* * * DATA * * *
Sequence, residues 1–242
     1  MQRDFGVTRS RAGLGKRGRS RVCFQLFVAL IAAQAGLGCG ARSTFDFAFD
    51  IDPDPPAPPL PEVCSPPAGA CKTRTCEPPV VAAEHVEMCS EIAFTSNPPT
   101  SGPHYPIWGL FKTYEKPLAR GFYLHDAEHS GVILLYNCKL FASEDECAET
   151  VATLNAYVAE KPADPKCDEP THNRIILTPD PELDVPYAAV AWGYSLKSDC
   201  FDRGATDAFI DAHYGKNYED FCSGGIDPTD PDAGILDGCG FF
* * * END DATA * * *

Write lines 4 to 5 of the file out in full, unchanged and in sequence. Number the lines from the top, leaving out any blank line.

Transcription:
   101  SGPHYPIWGL FKTYEKPLAR GFYLHDAEHS GVILLYNCKL FASEDECAET
   151  VATLNAYVAE KPADPKCDEP THNRIILTPD PELDVPYAAV AWGYSLKSDC